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Published April 7, 2019 | public
Journal Article Open

Deactivation of Sn-Beta zeolites caused by structural transformation of hydrophobic to hydrophilic micropores during aqueous-phase glucose isomerization


The structural changes underlying the deactivation of Sn-Beta zeolites under aqueous-phase reaction conditions at elevated temperatures (373 K) are investigated using spectroscopic characterization and site titration techniques together with turnover rates for glucose isomerization, a well-understood probe reaction for which changes in measured rates can be ascribed to specific changes in catalyst structure. In the case of hydrophobic, low-defect Sn-Beta zeolites (Sn-Beta-F), treatment in hot liquid water (373 K) for short times (<1 h) prior to reaction causes glucose–fructose isomerization turnover rates (per open Sn site, 373 K) to increase, while longer-term exposure (>3 h) to hot liquid water causes turnover rates to decrease and approach values characteristic of hydrophilic, defect-rich Sn-Beta zeolites (Sn-Beta-OH). In contrast, turnover rates on hydrophilic Sn-Beta-OH zeolites are insensitive to the duration of hot liquid water exposure prior to reaction. Activation and deactivation phenomena on Sn-Beta-F zeolites occur concomitantly with the formation of silanol defects (by ∼2–10×) with increasing durations (0–24 h) of hot water treatment, despite negligible differences in open and closed Sn site speciation as quantified ex situ by CD_3CN IR spectra. Mechanistic interpretations of these phenomena suggest that silanol groups present at low densities serve as binding sites for water molecules and clusters, which confer enthalpic stability to kinetically-relevant hydride-shift transition states and increase turnover rates, while silanol groups present in higher densities stabilize extended hydrogen-bonded water networks, which entropically destabilize kinetically-relevant transition states and decrease turnover rates. Intraporous voids within hydrophobic Sn-Beta-F zeolites become increasingly hydrophilic as silanol groups are formed by hydrolysis of framework siloxane bridges with increasing durations of water treatment, thereby decreasing aqueous-phase glucose isomerization turnover rates (per open Sn site). These findings suggest design strategies that suppress framework hydrolysis would attenuate the deactivation of Lewis acid zeolites in aqueous media.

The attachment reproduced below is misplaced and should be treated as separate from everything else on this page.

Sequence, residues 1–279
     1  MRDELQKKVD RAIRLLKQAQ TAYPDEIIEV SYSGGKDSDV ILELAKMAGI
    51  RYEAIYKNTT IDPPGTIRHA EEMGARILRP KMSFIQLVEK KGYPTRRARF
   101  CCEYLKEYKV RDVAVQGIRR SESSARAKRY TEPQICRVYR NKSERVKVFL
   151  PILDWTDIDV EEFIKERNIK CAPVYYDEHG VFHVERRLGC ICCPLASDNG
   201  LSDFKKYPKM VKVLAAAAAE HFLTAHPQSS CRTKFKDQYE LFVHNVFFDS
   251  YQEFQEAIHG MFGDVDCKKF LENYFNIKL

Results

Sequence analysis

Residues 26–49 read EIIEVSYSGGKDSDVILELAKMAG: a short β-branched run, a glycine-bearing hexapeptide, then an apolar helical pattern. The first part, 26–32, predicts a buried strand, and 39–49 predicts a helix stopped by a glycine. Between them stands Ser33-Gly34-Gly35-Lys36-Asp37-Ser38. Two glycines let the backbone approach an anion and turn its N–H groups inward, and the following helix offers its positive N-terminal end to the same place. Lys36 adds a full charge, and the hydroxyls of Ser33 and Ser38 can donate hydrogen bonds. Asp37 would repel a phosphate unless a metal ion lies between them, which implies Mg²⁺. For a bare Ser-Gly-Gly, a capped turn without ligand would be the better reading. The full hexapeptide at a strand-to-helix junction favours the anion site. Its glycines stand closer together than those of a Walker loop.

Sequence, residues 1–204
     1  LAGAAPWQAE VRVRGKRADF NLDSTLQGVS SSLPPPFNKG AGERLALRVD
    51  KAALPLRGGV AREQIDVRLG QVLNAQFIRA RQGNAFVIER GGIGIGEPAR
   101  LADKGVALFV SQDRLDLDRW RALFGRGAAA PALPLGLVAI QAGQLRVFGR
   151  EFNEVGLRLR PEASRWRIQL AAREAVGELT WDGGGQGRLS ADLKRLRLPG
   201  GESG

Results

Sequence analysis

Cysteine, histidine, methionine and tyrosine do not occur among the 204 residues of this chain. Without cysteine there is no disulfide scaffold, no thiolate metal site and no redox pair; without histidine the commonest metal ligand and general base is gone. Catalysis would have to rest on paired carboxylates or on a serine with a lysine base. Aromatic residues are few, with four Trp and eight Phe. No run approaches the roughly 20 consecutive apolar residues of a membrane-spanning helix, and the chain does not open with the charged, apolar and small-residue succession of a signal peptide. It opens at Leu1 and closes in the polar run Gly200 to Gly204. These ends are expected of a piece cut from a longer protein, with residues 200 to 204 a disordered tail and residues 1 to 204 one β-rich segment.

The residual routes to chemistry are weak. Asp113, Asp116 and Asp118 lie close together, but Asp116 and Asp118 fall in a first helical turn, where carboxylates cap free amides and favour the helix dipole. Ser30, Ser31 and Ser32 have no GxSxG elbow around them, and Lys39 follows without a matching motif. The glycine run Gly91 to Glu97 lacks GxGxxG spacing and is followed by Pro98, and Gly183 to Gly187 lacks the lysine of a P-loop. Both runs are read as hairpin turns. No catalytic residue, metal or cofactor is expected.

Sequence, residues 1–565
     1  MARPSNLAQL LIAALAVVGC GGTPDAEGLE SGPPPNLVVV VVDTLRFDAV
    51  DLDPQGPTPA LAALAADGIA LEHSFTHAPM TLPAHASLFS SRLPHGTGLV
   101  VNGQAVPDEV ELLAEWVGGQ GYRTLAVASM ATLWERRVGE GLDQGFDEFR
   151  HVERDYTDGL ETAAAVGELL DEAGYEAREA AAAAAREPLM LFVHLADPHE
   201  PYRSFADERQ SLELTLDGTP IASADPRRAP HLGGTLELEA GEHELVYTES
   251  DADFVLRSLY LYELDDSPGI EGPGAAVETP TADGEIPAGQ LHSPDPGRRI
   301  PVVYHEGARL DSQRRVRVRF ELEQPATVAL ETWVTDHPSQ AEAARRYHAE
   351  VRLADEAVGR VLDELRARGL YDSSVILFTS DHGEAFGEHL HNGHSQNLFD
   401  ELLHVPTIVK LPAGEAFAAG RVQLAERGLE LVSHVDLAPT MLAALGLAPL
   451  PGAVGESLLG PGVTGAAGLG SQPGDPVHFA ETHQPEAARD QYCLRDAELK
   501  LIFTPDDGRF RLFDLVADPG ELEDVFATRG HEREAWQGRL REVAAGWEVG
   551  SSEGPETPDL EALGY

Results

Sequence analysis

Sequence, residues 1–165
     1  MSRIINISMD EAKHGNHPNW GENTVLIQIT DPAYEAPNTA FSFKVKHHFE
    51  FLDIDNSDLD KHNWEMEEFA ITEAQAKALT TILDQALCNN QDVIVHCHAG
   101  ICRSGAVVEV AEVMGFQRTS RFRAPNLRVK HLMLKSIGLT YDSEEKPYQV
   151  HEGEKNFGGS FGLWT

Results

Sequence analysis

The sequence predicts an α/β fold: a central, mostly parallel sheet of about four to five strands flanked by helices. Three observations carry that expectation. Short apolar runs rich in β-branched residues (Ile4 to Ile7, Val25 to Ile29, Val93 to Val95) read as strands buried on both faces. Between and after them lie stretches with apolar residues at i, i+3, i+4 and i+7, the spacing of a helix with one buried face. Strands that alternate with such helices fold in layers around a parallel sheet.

Additional Information

© 2019 The Royal Society of Chemistry. The article was received on 23 Dec 2018, accepted on 04 Mar 2019 and first published on 05 Mar 2019. We acknowledge the financial support provided by the Purdue Process Safety and Assurance Center (P2SAC). We also thank Juan Carlos Vega-Vila for helpful technical discussions and comments on this manuscript. The NMR facility at the California Institute of Technology was supported by the National Science Foundation (NSF) under Grant Number 9724240 and partially supported by the MRSEC Program of the NSF under Award Number DMR-520565. There are no conflicts to declare.

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August 19, 2023
August 19, 2023